Maureen, can you remind everyone to proceed for Q&A, please?

Question-and-Answer Session

Operator

[Operator Instructions] Our first question is Antonio Gonzalez, Credit Suisse.

Antonio Gonzalez - Crédit Suisse AG, Research Division

Actually I just have 2 quick questions. First, on the share merger, could you please just confirm for us that the increase in the capital reserve and the capital stock accounts relative, comparing Ambev S.A. versus Ambev affiliates today is roughly the increase -- the combined increase in those accounts is roughly BRL 90 billion? And also, if you can give us any update on the appointment of the 2 independent board members? That's my first question. And then just secondly, very rapidly, is there any color that you can share maybe on the evolution throughout the quarter of volume trends in Beer Brazil? I recall last conference call you mentioned that July started better than the second quarter and then I guess as the quarter progressed, we saw some weakness. So maybe you could just share how the quarter evolved and, obviously, taking into account October data from SICOBE is on the rather weak side. Is there any comment that you can make to reconcile those October numbers from SICOBE with your maintained guidance for full year 2013? I understand there's not a perfect correlation there, but just to hear any update you might have would be really helpful.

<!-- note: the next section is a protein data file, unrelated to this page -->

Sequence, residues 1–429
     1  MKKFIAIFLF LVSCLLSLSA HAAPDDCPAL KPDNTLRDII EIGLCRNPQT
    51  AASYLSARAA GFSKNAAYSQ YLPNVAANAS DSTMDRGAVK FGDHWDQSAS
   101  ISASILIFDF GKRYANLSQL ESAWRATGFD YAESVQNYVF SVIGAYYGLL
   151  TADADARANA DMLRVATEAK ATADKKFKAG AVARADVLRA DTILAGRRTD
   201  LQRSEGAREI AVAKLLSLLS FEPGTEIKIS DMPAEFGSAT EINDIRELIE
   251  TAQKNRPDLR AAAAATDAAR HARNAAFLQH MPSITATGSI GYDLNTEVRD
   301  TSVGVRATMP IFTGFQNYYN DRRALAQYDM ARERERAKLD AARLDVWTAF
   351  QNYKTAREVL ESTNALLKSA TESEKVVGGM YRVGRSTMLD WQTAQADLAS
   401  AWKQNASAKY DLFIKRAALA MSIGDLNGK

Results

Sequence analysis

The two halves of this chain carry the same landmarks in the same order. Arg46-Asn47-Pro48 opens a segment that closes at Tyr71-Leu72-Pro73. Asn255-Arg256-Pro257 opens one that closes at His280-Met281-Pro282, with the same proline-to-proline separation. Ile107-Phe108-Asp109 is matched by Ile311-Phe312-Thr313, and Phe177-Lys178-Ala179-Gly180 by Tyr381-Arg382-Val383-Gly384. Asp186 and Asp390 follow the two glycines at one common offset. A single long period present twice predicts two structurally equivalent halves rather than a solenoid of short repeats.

Nelson José Jamel